■ Hard lighting comes directly from a light source, such as the sun or a clear incandescent electric bulb. Soft light comes from an indirect source. Hard lighting is bright and harsh and creates unflattering images. Soft lighting is flattering because it tends to fill in imperfections in the subject's surface and obliterate or lessen sharp lines and shadows.
■ Low-key lighting involves little illumination on the subject and often reinforces a dramatic or mysterious effect. High-key lighting entails bright illumination of the subject and may create or enhance a cheerful mood.
■ The direction of light reaching the subject--for example, from below or from only one side--can change an image's moods and meanings.
■ Like light, shadows can be used expressively in countless ways--for example, to create a mysterious or threatening environment.
■ During filming, one of three types of lenses is used: wide-angle, normal, or telephoto. Often all three are used at different times within the same film. Each type of lens has different properties and creates different images.
■ Choice of lens, aperture (or opening), and film stock largely determine the depth of field, or distance in front of the camera in which all objects are in focus.
■ Diffusers may be placed in front of a light source or in front of a camera lens to soften lines in the subject, to glamorize, or to lend a more spiritual or ethereal look.
■ Camera distance helps determine how large the subject will appear within the frame, what details will be noticeable, and what will be excluded from the frame.
■ By changing the camera lens and the camera distance between shots or during a shot, filmmakers can change perspective: the relative size and apparent depth of subjects and setting in the photographic image.
■ The angle from which the subject is filmed influences the expressiveness of the images. There are four basic camera angles--bird's-eye view, high angle, eye-level angle, and low angle--and countless other angles in between.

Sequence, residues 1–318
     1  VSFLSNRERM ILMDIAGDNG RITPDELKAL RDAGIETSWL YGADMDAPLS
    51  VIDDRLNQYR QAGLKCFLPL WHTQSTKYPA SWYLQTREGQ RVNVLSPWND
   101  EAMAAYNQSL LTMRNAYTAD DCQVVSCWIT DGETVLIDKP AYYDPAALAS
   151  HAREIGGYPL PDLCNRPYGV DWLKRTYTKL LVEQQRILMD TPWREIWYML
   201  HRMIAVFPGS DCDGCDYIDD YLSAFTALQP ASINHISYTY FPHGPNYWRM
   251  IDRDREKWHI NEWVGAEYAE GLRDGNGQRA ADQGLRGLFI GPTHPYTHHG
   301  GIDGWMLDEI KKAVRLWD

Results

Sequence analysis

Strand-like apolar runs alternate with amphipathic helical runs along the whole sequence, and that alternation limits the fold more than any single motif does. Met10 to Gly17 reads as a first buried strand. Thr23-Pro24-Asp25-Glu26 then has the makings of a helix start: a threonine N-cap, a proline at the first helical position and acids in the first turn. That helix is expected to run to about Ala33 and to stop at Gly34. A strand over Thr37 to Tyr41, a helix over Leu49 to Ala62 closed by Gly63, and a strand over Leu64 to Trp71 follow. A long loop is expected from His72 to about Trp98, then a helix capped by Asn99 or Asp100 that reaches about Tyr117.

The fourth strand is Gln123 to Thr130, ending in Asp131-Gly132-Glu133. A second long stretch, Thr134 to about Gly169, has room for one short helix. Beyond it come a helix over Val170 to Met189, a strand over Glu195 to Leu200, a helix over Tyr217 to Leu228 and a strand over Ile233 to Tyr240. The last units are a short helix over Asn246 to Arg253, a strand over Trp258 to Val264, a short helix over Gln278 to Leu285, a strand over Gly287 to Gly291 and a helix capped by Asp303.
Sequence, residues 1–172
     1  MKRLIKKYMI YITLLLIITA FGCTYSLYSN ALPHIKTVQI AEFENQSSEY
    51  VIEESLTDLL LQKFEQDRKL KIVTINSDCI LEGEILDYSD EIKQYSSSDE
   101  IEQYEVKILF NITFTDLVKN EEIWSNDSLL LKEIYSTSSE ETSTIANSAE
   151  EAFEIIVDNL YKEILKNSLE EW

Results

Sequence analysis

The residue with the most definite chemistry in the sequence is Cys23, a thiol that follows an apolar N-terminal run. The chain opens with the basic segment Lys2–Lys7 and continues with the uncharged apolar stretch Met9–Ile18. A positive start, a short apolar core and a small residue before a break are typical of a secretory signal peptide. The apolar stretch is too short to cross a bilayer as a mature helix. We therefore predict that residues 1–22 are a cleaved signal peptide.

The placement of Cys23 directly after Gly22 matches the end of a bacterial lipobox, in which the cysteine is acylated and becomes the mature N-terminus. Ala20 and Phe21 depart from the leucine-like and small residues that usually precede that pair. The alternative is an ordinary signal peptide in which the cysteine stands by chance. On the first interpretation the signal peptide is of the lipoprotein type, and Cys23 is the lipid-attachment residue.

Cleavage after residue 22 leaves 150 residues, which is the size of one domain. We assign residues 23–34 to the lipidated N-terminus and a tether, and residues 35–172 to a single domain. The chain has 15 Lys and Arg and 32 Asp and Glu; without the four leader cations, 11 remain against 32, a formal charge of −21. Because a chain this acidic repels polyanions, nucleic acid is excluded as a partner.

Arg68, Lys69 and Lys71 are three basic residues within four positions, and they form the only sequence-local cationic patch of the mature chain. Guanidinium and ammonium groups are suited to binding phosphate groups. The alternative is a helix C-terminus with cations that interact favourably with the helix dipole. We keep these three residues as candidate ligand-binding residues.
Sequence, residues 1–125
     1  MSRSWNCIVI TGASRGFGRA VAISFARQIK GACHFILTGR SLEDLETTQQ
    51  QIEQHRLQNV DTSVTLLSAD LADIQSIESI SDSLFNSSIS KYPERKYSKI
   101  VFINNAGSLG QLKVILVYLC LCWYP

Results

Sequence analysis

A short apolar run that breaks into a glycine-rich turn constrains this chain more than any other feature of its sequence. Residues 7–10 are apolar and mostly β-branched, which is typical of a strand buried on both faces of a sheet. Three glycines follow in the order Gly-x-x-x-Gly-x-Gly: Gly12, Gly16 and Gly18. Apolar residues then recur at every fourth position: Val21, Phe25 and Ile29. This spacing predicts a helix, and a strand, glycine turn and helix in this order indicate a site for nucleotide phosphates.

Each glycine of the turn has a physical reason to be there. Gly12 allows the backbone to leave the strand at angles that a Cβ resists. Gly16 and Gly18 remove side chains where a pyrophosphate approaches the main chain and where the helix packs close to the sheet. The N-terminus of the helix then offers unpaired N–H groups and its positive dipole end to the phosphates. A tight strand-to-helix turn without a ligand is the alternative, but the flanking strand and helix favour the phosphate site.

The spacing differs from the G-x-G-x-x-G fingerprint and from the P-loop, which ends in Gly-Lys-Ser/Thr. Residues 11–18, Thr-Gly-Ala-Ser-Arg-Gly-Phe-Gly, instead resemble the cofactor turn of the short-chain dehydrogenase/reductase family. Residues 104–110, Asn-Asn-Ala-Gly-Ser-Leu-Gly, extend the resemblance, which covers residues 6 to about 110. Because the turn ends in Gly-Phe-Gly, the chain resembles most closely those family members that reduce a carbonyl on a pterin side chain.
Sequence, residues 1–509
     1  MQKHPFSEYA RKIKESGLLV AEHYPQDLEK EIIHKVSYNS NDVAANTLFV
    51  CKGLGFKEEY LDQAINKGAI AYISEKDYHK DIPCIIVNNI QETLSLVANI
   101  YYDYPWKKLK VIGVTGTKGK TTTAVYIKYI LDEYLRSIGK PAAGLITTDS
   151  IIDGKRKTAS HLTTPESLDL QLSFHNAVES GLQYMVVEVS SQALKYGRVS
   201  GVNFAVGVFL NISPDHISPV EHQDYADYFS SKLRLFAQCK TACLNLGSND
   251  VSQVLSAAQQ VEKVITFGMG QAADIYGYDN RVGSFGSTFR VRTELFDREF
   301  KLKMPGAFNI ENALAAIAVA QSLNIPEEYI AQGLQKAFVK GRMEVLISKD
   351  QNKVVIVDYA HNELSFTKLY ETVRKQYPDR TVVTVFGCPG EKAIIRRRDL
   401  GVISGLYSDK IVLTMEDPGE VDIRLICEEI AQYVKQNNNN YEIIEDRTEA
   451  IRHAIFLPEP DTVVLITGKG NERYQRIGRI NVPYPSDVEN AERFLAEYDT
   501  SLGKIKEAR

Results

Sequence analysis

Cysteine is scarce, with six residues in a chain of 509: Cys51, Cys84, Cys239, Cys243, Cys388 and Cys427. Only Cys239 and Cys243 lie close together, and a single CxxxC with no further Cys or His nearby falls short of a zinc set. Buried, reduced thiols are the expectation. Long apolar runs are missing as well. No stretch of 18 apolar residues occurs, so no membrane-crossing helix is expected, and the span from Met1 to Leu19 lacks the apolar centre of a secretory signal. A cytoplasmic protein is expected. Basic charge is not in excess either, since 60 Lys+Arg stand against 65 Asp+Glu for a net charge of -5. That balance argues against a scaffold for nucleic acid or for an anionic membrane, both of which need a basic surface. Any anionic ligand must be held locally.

■ In point-of-view (p.o.v.) shots, the camera films a subject from the approximate position of someone, or occasionally something, in the film. Such camera placements may contribute to the viewer's identification with one of the subjects and sense of participation in the action.
■ A motion-picture camera may remain in one place during filming. While filming with a camera fixed in one place, the camera may be pivoted up or down (tilting) or rotated sideways (panning).
■ Panning too quickly causes blurred footage. Such a result is called a swish pan.
■ Ways to move the camera around during filming include dollying, tracking, using a crane, and employing a Steadicam. Like other aspects of cinematography, camera movement can be used in countless expressive ways.
■ Film and video images can be scanned or transferred into a computer, changed there, and transferred back to film. Computers can be used to modify colors and contrast (digital intermediate), correct errors, and change the images in ways impossible or more troublesome and costly to do with film alone.
■ Mainly for reasons of economy and convenience, more and more movies are being filmed in high-definition video and transferred to film for theatrical showings, though the results do not yet match the detail and nuance of the best film stocks.
A partial glossary of film terms and practices.
My personal web links with indstry news and links (for information only).
*Note all material links are optional and meant to assist in your journey through acting and the industry.